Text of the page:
In 2src18, Solís began a project researching the relationship between the location of heat-related deaths and where Maricopa County residents were receiving need-based financial assistance with their utility bills. There wasn’t enough aid to prevent deaths, yet her map told her that across the metro area at least some assistance was getting to many people who needed it. But in Mesa, a little less than twenty miles from downtown Phoenix, there were a lot of heat-related deaths where residents weren’t receiving much support. Here, there was a need that wasn’t being met at all. “Maybe we missed some data,” Solís thought.
Soon after, she was driving on Arizona State Route 1src1, which travels north and south along the border between Mesa and Tempe. A satellite image was up on her car’s display. “I saw this splotch, and was, like, That is where that cluster was. I could see it. I zoomed in, and it’s mobile-home park after mobile-home park after mobile-home park. I almost drove off the road.” About five per cent of the residents of Maricopa County live in mobile or manufactured homes. In Mesa, twenty-six per cent of the housing stock is mobile homes, which translates into the largest raw number and the second highest proportion in any congressional district in the U.S. Meanwhile, mobile homes account for between thirty and forty per cent of Maricopa County’s heat-related deaths. Solís’s research team found that many people who died in trailers didn’t have air-conditioning, or had kept their electricity turned off. “We were, like, This is something that is hidden in plain sight, right in front of you,” she told me.
Solís established relationships with the residents of trailer parks, including representatives of the Arizona Association of Manufactured Home and R.V. Owners, who co-authored research papers with her. They set up heat sensors inside mobile homes. The highest indoor temperature they recorded was a hundred and eleven degrees, the median was eighty-two degrees, and the average ranged between seventy-three and ninety-five degrees. A majority of the participants spent almost twenty-four hours per day indoors. Solís and her team met with them. They reported heat exhaustion, trouble sleeping, difficulty breathing, and anxiety and depression. One participant reported two strokes that his doctor attributed to heat.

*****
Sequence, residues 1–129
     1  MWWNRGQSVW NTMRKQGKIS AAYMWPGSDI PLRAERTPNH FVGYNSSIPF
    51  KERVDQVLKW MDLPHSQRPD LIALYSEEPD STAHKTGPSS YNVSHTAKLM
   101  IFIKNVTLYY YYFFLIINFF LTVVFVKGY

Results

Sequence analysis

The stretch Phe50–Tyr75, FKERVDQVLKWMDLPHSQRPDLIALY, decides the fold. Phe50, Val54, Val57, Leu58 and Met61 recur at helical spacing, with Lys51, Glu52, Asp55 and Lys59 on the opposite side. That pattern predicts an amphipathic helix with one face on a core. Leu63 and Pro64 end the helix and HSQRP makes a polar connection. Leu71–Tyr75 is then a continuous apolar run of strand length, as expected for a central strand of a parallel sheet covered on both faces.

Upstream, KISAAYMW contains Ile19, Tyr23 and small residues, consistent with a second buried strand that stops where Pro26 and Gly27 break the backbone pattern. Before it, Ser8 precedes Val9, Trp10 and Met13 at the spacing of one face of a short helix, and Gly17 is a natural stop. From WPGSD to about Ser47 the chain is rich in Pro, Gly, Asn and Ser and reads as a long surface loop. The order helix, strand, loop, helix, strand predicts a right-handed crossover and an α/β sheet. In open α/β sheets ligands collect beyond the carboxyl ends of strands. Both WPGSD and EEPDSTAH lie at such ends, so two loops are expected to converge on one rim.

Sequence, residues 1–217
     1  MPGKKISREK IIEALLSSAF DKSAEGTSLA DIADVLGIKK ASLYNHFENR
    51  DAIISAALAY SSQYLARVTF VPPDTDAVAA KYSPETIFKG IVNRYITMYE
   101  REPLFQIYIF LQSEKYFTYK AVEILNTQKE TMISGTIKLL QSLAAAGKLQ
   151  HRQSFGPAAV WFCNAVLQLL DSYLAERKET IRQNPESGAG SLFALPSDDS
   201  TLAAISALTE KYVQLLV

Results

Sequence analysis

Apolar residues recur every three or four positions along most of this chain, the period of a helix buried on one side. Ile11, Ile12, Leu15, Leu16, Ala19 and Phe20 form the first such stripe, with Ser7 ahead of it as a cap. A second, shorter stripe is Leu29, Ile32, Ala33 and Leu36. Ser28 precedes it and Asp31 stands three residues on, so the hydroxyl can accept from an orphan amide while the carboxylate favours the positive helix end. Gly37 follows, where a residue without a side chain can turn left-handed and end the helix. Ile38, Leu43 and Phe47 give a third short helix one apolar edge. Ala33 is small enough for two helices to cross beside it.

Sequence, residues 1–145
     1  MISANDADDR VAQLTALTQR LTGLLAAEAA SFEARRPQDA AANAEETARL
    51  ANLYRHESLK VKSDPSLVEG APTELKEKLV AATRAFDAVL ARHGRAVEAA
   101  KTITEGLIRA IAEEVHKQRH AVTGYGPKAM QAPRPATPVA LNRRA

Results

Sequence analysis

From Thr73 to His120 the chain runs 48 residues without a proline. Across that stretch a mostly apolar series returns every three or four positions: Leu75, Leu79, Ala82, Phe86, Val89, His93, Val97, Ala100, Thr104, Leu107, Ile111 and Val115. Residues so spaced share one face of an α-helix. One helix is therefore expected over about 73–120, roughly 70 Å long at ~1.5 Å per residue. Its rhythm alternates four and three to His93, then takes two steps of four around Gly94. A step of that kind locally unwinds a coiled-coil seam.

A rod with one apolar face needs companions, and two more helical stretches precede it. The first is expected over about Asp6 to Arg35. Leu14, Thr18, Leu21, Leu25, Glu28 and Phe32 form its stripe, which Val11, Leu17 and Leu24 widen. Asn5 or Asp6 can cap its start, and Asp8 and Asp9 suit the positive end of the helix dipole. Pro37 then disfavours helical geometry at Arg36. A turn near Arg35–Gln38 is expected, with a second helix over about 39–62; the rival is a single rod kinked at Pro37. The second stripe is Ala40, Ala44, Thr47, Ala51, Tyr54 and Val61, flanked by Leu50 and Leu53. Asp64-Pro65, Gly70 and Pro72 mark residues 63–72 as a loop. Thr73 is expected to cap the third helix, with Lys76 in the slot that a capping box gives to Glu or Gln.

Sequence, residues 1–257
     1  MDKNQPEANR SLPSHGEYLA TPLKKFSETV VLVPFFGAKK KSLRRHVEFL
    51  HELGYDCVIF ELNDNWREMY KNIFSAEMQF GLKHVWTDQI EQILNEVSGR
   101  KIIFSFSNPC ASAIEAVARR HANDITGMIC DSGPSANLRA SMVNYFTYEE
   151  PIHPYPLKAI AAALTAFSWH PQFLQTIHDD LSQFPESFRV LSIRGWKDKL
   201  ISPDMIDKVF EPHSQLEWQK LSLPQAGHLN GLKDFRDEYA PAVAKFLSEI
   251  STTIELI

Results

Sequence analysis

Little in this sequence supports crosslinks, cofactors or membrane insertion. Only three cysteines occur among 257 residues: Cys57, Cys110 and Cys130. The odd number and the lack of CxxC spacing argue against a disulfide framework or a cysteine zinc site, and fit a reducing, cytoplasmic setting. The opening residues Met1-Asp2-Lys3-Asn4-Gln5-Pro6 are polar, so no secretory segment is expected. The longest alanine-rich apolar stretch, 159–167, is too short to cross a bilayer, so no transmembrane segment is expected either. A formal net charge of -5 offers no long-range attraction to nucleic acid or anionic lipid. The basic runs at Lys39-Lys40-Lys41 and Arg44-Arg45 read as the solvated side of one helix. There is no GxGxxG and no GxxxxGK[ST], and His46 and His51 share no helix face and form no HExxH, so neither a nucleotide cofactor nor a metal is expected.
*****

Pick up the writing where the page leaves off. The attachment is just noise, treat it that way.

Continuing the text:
The nature of their property has sometimes prevented Mesa’s trailer-park residents from accessing the same sorts of financial protections as other homeowners. “They’re not always a direct customer of the utilities,” Solís explained. “They might own the unit that they live in, but they rent the lot, and then they pay the electric bill to the park owner. So they may not get financial assistance directly from the utility provider.” Many are also ineligible for federal funding from the Low Income Home Energy Assistance Program (LIHEAP), Solís added, since their homes are on wheels. Moreover, many trailers are parked on top of concrete, not fertile ground for trees. Yet trailers remain an attractive housing option for a diverse range of residents: Latin American immigrants, Latinos who’ve lived in Phoenix for a long time, African Americans, Native Americans, retired Midwesterners, Canadian snowbirds, and more. The parks are not only affordable but also offer community and amenities like swimming pools and rec centers. In a video that Solís and her team made in 2src2src, a woman who had moved to Arizona from Minnesota explained that she couldn’t afford new windows or roof repairs that would protect her from heat, but, when Solís asked her whether she would “consider leaving the park life,” she responded, “Oh, no, this is my home.”
Whether they moved to the Phoenix area in recent years or have spent their entire lives there, the people Solís and Guardaro work with are proud of their neighborhoods. Guardaro introduced me to Augie Gastelum, whose parents brought him to Phoenix from Mexico when he was five years old. They settled in Mesa’s Water Tower Improvement District—a neighborhood that gets its name from the Bellview water tower, which contained lead in its primer and was slated for destruction in 1998. Residents more lovingly call it Care Neighborhood, because of the CARE Partnership, a community-service organization that worked there for decades.
Gastelum lives near his childhood home, and his parents live with him. The median household income in the census tract that includes Care Neighborhood is just under thirty thousand dollars per year, and more than half of the residents live in poverty. Environmental Protection Agency statistics show that Care Neighborhood is in the ninety-fifth to hundredth percentile in the U.S. for risk of cancer from air toxicity, the ninety-fifth to hundredth percentile for respiratory-health issues from air toxicity, and the ninetieth to ninety-fifth percentile for potential lead-paint exposure. Almost sixty-seven per cent of households speak a language other than English, and twenty-eight per cent of residents are foreign-born. Between 2src12 and 2src17, the heat-related death rate in Care Neighborhood exceeded the death rate in most other census tracts in Maricopa County.